Bridgewater Says U.S. GDP to Shrink 6% Without ‘Meaningful’ Aid

The U.S. risks losing $4 trillion in corporate revenue on the back of the novel coronavirus without “meaningful fiscal or monetary intervention,” according to the world’s biggest hedge fund.

The loss would shrink the economy by more than 6%, executives at Bridgewater Associates wrote in a report Thursday. “We see the most extreme decline occurring in the second quarter, where we expect the level of activity to be more than 10% below 2019 end-of-year levels,” they wrote.

The virus pandemic and measures taken to stop the spread have wreaked havoc on global markets in recent weeks, driving the worst rout since the financial crisis. Governments and central banks across the world have stepped up efforts to counter the economic shock. On Friday, President Donald Trump said he would keep pushing for more federal spending until the economy recovers from the outbreak.

Bridgewater, founded by billionaire Ray Dalio, has been among the worst hit hedge funds, with losses of as much as 21% this year across the firm’s strategies.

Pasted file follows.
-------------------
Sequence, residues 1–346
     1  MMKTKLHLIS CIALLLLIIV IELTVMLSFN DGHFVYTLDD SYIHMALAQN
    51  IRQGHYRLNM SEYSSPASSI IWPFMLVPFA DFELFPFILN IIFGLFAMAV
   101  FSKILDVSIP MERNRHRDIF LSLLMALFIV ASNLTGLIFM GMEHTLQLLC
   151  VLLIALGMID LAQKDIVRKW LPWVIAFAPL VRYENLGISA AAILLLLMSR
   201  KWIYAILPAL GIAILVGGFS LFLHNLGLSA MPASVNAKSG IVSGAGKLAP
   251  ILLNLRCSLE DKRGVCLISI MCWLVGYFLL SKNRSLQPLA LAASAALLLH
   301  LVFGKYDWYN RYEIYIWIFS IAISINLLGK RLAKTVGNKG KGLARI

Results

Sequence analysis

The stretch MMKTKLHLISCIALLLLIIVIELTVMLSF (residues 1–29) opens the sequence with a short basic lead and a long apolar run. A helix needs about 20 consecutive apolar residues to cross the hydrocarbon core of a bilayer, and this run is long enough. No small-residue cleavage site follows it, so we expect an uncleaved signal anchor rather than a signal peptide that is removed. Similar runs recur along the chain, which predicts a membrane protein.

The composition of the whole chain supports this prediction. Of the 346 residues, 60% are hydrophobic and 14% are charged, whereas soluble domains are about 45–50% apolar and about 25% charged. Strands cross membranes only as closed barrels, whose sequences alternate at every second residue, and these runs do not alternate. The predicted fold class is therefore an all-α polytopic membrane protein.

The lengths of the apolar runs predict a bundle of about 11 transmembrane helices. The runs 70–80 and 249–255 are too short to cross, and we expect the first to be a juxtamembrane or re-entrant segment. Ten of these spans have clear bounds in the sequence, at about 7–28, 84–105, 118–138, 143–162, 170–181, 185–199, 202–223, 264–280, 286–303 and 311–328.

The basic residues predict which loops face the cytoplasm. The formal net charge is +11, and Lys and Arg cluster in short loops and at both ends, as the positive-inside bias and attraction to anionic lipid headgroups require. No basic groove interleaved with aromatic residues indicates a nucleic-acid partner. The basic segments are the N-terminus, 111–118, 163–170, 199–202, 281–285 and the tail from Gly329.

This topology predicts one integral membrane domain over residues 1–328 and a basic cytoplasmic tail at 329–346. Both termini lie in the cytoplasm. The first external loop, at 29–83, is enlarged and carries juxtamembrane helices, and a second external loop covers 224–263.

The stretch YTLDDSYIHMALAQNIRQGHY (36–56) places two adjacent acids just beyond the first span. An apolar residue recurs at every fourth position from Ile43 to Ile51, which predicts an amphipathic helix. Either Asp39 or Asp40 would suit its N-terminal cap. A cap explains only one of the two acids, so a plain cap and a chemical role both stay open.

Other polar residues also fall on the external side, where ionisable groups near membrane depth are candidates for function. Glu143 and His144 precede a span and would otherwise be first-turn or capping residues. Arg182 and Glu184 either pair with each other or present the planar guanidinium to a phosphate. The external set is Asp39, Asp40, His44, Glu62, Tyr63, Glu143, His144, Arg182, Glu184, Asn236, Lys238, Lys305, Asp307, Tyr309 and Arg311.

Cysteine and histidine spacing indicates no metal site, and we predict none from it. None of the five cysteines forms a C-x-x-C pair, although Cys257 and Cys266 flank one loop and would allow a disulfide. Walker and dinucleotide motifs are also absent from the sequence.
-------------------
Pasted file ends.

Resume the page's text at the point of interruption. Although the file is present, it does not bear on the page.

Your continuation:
Companies will have a cash flow gap of $2 trillion, mostly concentrated in the energy, travel and leisure industries, according to Bridgewater estimates. That will prompt companies to draw on credit lines, the firm said. If policymakers don’t help cover the shortfall, companies are likely to cut capital expenditures by about $900 billion and spending on buybacks and merger transactions by $600 billion as well as make staff cuts.

Wall Street Agrees the World Is in Recession, Disagrees on Depth

“Some companies won’t make it and will default,” the executives wrote in the report. “This isn’t likely to be a debilitating problem for the financial system or even the banks, given a large capital cushion and plenty of liquidity, but it will put further strains on the financial sector to tighten standards and pull back.”

Credit markets are pricing in losses of about $850 billion in U.S. corporate debt and leveraged loans, Bridgewater said. That’s a smaller loss than during the financial crisis, but will still result in lenders pulling back, the firm said.

— With assistance by Katherine Burton

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